|Each month the Renderosity community votes on The Renderosity Artist Of the Month — December’s AOM is author, jstro [Jon Strother]. We congratulate jstro for his outstanding collection of prose and poetry.|
We invite you to read Jon's interview,
and then visit his Renderosity Writer's Gallery
jstro's short stories and poetry.
Who is jstro and how did you come by your username?
My real name is Jon Strother. I'm an 8 year old kid trapped in a 51 year old body. By day, I work as a project scientist (and I use the term loosely) doing cool stuff with GIS software. By night, and on weekends, I dabble in writing, or just waste my time playing computer games. In fact, I waste entirely too much time playing computer games. Still a kid at heart, I guess. I was assigned the name jstro by Southwestern Bell when I signed up for DSL. So I just carried it forward into other venues. I've become rather attached to it, and get rather annoyed when I find it already taken.
How long have you have you been writing?
I have been writing for most of my life. The earliest clear recollection is an assignment I had in grade school — probably 3rd or 4th grade. We were assigned to clip out a photo from a magazine, and then write a paragraph describing it (Not a bad exercise for older writers too). I clipped out an advertisement for a refrigerator, which showed a nice kitchen, with a dog's chew toy in one corner on the floor. I wrote an emotionally packed short story about how, when the old man came into the kitchen, it still brought tears to his eyes to see Sparky's old chew toy, and how much he still missed that dog. The teacher had no imagination. I think she gave me a D, for not describing the picture. Funny, I still think I did.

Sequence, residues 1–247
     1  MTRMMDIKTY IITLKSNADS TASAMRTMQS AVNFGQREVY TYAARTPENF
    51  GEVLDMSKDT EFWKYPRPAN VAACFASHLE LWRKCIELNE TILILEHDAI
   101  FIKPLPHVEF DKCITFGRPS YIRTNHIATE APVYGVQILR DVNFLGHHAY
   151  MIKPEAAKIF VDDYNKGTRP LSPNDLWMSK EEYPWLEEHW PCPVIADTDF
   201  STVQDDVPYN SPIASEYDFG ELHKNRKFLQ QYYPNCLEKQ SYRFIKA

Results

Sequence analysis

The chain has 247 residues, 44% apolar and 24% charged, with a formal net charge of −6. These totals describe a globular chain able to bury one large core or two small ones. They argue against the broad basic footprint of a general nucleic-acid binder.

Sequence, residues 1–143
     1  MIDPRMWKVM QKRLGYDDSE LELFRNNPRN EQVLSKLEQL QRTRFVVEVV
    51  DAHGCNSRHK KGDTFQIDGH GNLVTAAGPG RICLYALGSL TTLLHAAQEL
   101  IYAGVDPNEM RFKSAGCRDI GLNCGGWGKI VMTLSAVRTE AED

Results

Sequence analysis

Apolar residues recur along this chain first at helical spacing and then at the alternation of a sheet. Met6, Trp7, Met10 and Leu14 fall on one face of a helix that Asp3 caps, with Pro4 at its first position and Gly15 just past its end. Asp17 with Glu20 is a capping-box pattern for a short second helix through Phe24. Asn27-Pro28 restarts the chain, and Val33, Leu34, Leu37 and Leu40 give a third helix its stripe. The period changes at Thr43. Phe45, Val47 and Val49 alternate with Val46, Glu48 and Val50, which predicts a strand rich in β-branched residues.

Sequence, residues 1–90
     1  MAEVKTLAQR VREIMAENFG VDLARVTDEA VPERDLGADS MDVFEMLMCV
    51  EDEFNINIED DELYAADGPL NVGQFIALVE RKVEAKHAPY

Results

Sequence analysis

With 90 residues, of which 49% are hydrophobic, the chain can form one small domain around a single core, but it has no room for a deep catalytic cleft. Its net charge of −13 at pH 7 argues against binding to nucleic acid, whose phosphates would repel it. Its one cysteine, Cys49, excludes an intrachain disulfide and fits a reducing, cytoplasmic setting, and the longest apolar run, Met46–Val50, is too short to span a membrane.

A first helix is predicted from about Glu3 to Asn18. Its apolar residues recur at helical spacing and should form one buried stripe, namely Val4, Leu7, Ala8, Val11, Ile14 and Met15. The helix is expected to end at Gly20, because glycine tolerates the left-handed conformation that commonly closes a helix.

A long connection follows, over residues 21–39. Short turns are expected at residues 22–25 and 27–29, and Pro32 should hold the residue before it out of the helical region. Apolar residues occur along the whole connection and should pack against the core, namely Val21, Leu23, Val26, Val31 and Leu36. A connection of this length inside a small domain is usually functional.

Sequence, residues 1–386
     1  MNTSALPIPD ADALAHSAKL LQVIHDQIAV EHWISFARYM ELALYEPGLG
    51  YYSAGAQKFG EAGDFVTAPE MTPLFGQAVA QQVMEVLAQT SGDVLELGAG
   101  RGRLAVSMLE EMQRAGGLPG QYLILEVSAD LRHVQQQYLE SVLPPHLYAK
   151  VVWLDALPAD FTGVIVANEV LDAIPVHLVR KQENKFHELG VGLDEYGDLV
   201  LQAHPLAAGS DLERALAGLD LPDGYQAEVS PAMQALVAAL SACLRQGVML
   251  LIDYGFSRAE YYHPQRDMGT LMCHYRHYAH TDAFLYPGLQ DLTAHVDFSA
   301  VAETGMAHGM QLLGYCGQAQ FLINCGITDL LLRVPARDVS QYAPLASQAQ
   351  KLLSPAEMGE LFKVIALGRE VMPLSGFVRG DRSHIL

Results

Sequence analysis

Besides Renderosity, have you ever had your prose or poetry published?
Not really. The only claims I have to publication are two technical papers I co-authored and presented at GIS conferences, and the Wings 3D User Manual. And since I have not kept the Wings User Manual up to date, I just feel guilty about that. I've submitted a few things, and have a fairly nice collection of rejections letters to my name.
What are you currently working on?
Max Mann #4. I wrote chapter one of Max Mann and the Black Widow in response to Crescent's Bad Writing Challenge. I liked the character so much that I polished it off, just for the fun of it. Presto! It turned into a novella. That would be Max Mann #1. Then I wrote chapter one of Max Mann and the Alley of Death in response to another Writer's Forum Challenge. Again, Max got under my skin, and I felt compelled to finish it off. Novella number 2! This was beginning to look like a trend, so I started trying to think of Max Mann story lines. I have since completed Max Mann and the Mangled Mutt, and am now about two thirds of the way through Max Mann #4.
Do you also create CG images? What software/equipment do you use and why?